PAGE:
VATICAN CITY (RNS) — Pope Francis will travel to Canada Sunday (July 24) for what he has described as a “penitential pilgrimage” to atone for the Catholic Church’s part in the persecution of Indigenous communities and its mistreatment and alienation of Indigenous children in residential schools.
But Francis’ six-day apostolic visit isn’t only about bringing the pope’s presence and apology to indigenous people. It will highlight the contribution Indigenous culture brings to the Catholic faith, honoring its care for the environment and the elderly — both topics that are dear to the pontiff.
The pope’s trip may also lay the groundwork for a future Vatican pronouncement on the doctrine of discovery, a justification for colonization of the Western Hemisphere laid out in papal bulls.
Vatican spokesperson Matteo Bruni told reporters on Wednesday (July 20) that “there is a reflection taking place on the doctrine of discovery” at the Vatican, adding that there “might be a development on this theme” after the papal trip.
In April, a delegation of Canadian Indigenous peoples came to the Vatican. During their visit, Francis talked about reconciliation “as part of a journey that can favor the rediscovery and revitalization of your culture, while helping the Church to grow in love, respect and specific attention to your authentic traditions.”
Pope John Paul II brought much the same message when he visited Canada in 1984. “Your encounter with the Gospel has not only enriched you, but has enriched the Church,” John Paul told representatives of the First Nations, Métis and Inuit peoples, adding that their traditions “allow new expressions of the message of salvation and help us to better understand to what extent Jesus is savior and his catholic, that is, universal salvation.”
Francis will visit Maskwacis, south of Edmonton, Alberta, where he will have his first meeting July 25 with elders of the indigenous communities there. He will then walk to a cemetery in silent prayer, accompanied by the sound of the traditional drums, and deliver his first speech.
That afternoon, the pope is expected at Edmonton’s Church of the Sacred Heart to say his first Mass in the country for Indigenous and non-Indigenous attendees. Speaking in Spanish, he will bless a new statue of Saint Kateri Tekakwitha, an Indigenous woman born in the United States in the mid 1600s who kept her Catholic faith in the face of incredible adversity until her death in Canada. Also known as the “Lily of the Mohawks,” she was beatified by John Paul in 1980 and made a saint by Pope Benedict XVI in 2012.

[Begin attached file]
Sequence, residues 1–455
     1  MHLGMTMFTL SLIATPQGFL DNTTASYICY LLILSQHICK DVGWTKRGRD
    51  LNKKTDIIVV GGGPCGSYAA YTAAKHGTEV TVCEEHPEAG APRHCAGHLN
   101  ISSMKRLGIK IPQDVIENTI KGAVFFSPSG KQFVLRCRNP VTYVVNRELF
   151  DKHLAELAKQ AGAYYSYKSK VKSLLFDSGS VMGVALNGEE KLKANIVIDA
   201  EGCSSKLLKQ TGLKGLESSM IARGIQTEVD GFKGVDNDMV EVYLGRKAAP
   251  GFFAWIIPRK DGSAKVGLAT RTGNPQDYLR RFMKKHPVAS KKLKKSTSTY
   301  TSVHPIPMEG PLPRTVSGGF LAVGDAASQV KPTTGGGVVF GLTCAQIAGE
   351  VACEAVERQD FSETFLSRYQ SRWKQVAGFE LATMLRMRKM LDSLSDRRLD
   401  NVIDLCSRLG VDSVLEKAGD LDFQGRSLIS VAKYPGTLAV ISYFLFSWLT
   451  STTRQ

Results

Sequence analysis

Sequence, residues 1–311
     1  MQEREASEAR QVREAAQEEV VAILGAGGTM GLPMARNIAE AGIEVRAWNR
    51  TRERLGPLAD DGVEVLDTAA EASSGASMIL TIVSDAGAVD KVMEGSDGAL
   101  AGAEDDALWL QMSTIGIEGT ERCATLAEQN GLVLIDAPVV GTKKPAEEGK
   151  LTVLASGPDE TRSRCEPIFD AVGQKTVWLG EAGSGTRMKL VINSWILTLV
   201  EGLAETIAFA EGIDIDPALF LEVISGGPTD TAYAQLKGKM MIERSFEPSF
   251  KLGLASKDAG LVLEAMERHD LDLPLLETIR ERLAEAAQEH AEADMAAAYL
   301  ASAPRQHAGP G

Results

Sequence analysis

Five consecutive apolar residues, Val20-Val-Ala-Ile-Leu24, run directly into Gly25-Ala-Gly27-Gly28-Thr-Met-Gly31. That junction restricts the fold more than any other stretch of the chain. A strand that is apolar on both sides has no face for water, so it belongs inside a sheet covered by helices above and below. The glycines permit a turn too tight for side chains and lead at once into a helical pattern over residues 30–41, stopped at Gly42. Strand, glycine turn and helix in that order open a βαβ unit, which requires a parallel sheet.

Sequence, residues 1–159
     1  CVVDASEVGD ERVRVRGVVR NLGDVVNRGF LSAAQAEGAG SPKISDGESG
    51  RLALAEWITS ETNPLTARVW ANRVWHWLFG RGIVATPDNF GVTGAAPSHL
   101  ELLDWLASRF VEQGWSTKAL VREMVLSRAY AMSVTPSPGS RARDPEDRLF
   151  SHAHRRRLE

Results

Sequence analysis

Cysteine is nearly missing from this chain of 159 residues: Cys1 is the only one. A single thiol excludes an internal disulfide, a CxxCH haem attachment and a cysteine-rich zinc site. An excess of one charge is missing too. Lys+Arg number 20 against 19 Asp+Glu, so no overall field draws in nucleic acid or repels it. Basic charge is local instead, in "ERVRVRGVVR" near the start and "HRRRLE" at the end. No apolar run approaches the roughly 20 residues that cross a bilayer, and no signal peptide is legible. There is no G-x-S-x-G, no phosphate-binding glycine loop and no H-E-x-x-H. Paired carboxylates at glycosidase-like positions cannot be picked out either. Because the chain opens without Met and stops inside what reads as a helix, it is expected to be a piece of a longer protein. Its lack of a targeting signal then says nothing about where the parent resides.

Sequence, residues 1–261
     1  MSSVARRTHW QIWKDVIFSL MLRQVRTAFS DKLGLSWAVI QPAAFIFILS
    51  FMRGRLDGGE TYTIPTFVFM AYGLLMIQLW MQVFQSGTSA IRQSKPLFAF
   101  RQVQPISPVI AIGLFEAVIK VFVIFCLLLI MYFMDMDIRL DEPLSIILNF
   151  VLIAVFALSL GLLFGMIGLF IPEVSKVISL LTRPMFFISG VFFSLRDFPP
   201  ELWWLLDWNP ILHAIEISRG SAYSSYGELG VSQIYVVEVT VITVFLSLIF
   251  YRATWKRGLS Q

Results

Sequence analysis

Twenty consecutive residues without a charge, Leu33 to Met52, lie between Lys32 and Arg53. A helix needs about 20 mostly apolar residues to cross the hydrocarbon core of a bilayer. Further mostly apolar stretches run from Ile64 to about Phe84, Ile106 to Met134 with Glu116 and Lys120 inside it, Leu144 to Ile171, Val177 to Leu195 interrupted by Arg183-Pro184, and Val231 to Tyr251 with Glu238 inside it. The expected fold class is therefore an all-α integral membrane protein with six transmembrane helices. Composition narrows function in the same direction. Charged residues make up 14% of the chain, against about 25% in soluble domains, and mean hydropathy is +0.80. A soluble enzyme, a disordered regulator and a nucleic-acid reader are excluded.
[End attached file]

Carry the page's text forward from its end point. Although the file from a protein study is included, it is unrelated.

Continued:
On July 26, after a Mass at Commonwealth Stadium, the largest open-air venue in Canada, Francis will have a chance to home in on his message of the care for the elderly and the environment at Lac Ste. Anne, a Catholic pilgrimage site an hour west of Edmonton.
The lake is called “God’s Lake” by some Indigenous peoples, who have regarded it as a holy and healing place for generations. The pope will bless its waters, making the sign of the cross according to the cardinal points following the Indigenous tradition.
The lake has seen dropping water levels in recent years, and scientists are concerned about the loss of animal species thanks to decades of human activity. On Thursday (July 21), Francis called on all nations to protect endangered ecosystems and will likely repeat his appeal in Canada.
Lac Ste. Anne will also give the pope a chance to discuss the elderly’s place in society, as his visit will coincide with the feast day of St. Anne, Jesus’ grandmother and a beloved figure for indigenous Catholics. The 85-year-old pontiff has championed the elderly, noting that many older people are discarded in modern-day societies. He regularly calls for the need for intergenerational dialogue.
On July 27, the pope will travel to Quebec, where he will meet with local authorities and members of Canada’s diplomatic corps. It was Canadian Prime Minister Justin Trudeau’s 2021 speech calling on the pope to come to Canada to apologize for the “cultural genocide” of Indigenous peoples that was the genesis of the pope’s trip, though the Canadian Truth and Reconciliation Commission had similarly urged the pope to visit in 2015.
The treatment of the Indigenous peoples of America came to the fore as the remains of thousands of unnamed individuals were recently found on the properties of residential schools, some of them Catholic, in Canada and in the United States. These schools played a crucial role in separating young Indigenous from their families and stripping them of their culture.
On July 28, Francis will visit the Basilica of Sainte-Anne-de-Beaupré, the oldest pilgrimage site in Canada, where John Paul delivered his speech to the gathered Indigenous representatives more than 30 years ago. Francis will then visit Quebec’s Cathedral of Notre Dame and meet with the local archbishop and religious.
Francis’ last day in Canada, July 29, will see him travel to the remote northern town of Iqualit, an old Inuit fishing ground of roughly 8,000 people in the Nunavut territory. Here, the pope will hold a private meeting with former students at Canadian residential schools, who will talk about their experiences. Francis will return to Rome the following day.
Bruni said the pope’s visit, while focused on Canada, will likely resonate with other Indigenous people south of the Canadian border. “Obviously the pope’s gestures and words have value for all Indigenous peoples,” he said, “including in other areas of Canada and places where similar feelings might have occurred.”